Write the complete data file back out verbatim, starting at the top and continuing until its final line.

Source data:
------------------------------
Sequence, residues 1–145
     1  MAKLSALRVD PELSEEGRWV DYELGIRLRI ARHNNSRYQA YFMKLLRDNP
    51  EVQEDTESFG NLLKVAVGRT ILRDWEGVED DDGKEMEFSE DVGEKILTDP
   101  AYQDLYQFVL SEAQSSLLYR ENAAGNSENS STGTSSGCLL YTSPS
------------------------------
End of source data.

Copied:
Sequence, residues 1–145
     1  MAKLSALRVD PELSEEGRWV DYELGIRLRI ARHNNSRYQA YFMKLLRDNP
    51  EVQEDTESFG NLLKVAVGRT ILRDWEGVED DDGKEMEFSE DVGEKILTDP
   101  AYQDLYQFVL SEAQSSLLYR ENAAGNSENS STGTSSGCLL YTSPS